Planning for Health Care Reform, Part 1

Dec 17, 2012 No Comments by

Now is the time for your ASO to begin planning for implementation of the Affordable Care Act (ACA). Beginning in 2014, many employers will be required to offer health insurance to employees considered “full-time” or face financial penalties. Understanding the law’s potential impact on your ASO and determining the extent to which future costs can be passed along to your customers are key issues for consideration. For staffing firms, a “look back” rule recently approved by the Obama administration may substantially reduce the penalties for those that do not offer health insurance coverage.

Below are some initial basic questions your ASO needs to answer:

1. Does your alternative staffing organization meet the minimum size threshold to be subject to the law?

The Affordable Care Act applies to “large” employers that employ an average of at least 50 full-time or full-time equivalent employees. An employer’s status as a large employer is made annually based on its size in the preceding calendar year.

Full-time employee means an employee working an average of 30 hours or more per week, at least 130 hours in a calendar month.

“Full-time equivalent” employees are treated as full time employees in determining your ASO’s size. In other words, hours worked by part-time and temporary employees must be included in determining whether your ASO has 50 or more employees.

In the following example, a median-sized ASO has 66.7 full-time equivalent employees and thus qualifies as a “large” employer:

3 full-time administrative staff
2 half-time administrative staff @ 2,000 total hours per year
97,340 total annual staffing service hours billed

Add annual part-time and staffing service hours: 2,000 + 97,340 = 99,340 hours

Divide total hours into annual minimum of 1,560 hours (30 hours * 52 weeks):

99,340 hours / 1,560 hours = 63.7 Full-time equivalent employees

Add full-time admin and FTE staff: 3 + 63.7 = 66.7 total FTE employees

– Calculate your ASO’s full-time and full-time equivalent employees for the last three calendar years. Comparing multiple years of data will highlight trends in your ASO’s staffing service patterns.

2. What is the nature of your ASO’s relationship with a parent or sponsor organization?

The 50-employee test will be based on the IRS tax code’s “common control” rules. Under these rules, all firms under common ownership or control are treated as one firm [IRC Sections 414 (b), (c), (m), (o)]. Thus, if your ASO operates as a program or subsidiary of a parent organization, your full-time equivalent employees will likely count toward determining your parent organization’s size and vice versa.

– If applicable, consult with management of your parent/sponsor organization and its tax advisor to determine if your ASO is considered a separate entity or will be consolidated with your parent for Affordable Care Act purposes.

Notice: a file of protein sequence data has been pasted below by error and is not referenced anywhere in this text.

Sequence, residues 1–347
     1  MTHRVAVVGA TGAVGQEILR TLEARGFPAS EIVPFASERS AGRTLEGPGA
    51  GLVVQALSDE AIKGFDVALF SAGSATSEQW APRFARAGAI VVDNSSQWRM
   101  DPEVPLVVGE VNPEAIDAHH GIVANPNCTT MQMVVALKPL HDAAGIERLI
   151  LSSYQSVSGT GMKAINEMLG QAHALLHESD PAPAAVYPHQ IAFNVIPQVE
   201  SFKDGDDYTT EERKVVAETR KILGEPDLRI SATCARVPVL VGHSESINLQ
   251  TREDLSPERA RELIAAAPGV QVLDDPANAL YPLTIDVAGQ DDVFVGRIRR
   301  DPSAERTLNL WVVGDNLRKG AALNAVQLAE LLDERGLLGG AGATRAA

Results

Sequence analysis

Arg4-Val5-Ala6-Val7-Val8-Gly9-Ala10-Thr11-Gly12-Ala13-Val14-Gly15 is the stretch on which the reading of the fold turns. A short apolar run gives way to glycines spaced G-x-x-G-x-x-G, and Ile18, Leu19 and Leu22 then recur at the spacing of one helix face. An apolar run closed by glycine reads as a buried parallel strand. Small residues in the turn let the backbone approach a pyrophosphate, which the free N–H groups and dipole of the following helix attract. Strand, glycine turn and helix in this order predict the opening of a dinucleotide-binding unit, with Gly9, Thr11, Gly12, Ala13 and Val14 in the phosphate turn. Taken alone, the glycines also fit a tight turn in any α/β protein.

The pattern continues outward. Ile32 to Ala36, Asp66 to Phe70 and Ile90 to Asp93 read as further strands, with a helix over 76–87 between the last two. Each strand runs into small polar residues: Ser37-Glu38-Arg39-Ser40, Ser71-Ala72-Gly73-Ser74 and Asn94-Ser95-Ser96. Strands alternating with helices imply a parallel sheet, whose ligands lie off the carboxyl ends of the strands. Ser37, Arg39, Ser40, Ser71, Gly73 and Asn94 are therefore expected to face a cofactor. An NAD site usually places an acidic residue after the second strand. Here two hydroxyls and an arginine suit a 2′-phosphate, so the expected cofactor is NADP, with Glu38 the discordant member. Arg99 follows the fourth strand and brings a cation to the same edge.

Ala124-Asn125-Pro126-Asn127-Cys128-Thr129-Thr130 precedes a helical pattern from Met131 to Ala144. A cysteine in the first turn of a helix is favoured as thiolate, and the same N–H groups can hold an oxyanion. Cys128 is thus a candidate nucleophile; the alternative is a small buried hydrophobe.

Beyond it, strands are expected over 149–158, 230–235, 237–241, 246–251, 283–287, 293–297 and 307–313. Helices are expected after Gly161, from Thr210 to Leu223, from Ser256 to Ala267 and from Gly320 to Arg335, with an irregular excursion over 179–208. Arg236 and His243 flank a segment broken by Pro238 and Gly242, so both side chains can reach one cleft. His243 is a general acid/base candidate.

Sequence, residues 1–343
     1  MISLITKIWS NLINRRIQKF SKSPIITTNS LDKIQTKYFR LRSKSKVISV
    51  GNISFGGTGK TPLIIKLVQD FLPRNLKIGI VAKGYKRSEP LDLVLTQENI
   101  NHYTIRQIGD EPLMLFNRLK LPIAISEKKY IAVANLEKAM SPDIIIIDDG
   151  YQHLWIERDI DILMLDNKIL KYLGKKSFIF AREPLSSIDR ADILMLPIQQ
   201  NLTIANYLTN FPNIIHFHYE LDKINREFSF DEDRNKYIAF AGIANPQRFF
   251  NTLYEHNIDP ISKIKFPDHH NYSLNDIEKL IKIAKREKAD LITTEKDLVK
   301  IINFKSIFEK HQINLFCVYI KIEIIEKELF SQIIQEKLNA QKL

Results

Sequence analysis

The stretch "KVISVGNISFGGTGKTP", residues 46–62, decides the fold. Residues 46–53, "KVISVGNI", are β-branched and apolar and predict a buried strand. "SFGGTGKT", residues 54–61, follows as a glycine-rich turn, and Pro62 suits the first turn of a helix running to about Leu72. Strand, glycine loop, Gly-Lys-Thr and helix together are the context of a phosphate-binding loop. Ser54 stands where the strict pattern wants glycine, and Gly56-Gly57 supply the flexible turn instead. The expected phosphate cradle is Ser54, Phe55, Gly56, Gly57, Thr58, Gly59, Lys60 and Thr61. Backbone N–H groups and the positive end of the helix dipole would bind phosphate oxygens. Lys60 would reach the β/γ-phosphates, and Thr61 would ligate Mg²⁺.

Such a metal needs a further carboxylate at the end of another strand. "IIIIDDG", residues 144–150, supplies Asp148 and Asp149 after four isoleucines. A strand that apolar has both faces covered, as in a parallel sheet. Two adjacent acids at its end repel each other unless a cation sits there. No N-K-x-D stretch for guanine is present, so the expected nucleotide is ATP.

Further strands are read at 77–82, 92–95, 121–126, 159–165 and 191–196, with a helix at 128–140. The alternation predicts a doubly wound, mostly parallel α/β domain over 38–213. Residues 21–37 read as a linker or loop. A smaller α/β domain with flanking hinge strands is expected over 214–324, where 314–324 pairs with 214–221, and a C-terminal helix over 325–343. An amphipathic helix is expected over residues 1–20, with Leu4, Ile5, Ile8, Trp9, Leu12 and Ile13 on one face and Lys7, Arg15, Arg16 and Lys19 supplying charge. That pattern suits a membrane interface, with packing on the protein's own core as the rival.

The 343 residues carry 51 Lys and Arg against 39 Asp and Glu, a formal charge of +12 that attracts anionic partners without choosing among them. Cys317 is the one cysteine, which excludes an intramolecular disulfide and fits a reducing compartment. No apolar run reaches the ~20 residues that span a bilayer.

3. Who is a “full-time employee” for the purpose of offering health insurance coverage or paying penalties?

The definition of “full-time” for health insurance coverage and penalty purposes is different from the “50 employee” test. Once you determine that your ASO has 50 or more full-time employees and is subject to the law, you then apply a “look-back” rule to determine who is full-time for the purpose of offering health insurance or paying penalties.

For a calendar year, you can elect to look back anywhere from three to 12 months to determine if an employee worked full-time (average 130 hours per month) during that period. Employees determined to be full-time during the look-back period must be treated as full-time during a subsequent stability period during which you must offer health insurance coverage or pay a penalty regardless of the hours worked as long as the individual remains employed.

For example, assuming a 12-month look back period, on January 1, 2014 you would look back at January through December of 2013 to identify employees who worked full-time (at least 1,560 hours) during that period. If they are still employed on January 1, 2014, they would have to be enrolled in a plan within 90 days. If you do not offer a plan, you would pay penalties beginning January 1.

According to our Annual Performance Survey, the median length of employment for non-administrative ASO employees is approximately 48 days, or about 360 hours, well below the 1,560-hour minimum for one year. However, this estimate is an average based on total hours billed and total number of W-2s. What matters to your ASO is the number of individuals on your payroll who worked over 1,560 hours, assuming a 12-month look-back period.

– Review your payroll records for the last three calendar years to see how many of your temporary workers worked at least 1,560 hours per year. Add this number to your total full-time equivalent administrative staff to estimate the size of your ASO’s full-time workforce that is eligible for health insurance coverage.
– If possible, determine how many of your temporary workers who historically worked at least 1,560 hours per year were enrolled in Medicaid, as these workers are not subject to the penalty assessment.

Once you have made the basic calculations described above, modeling your ASO’s costs of insurance and/or penalties becomes more complicated. Our next installment will delve into those details. In the meantime, we welcome your questions in this forum to ensure we address your needs.


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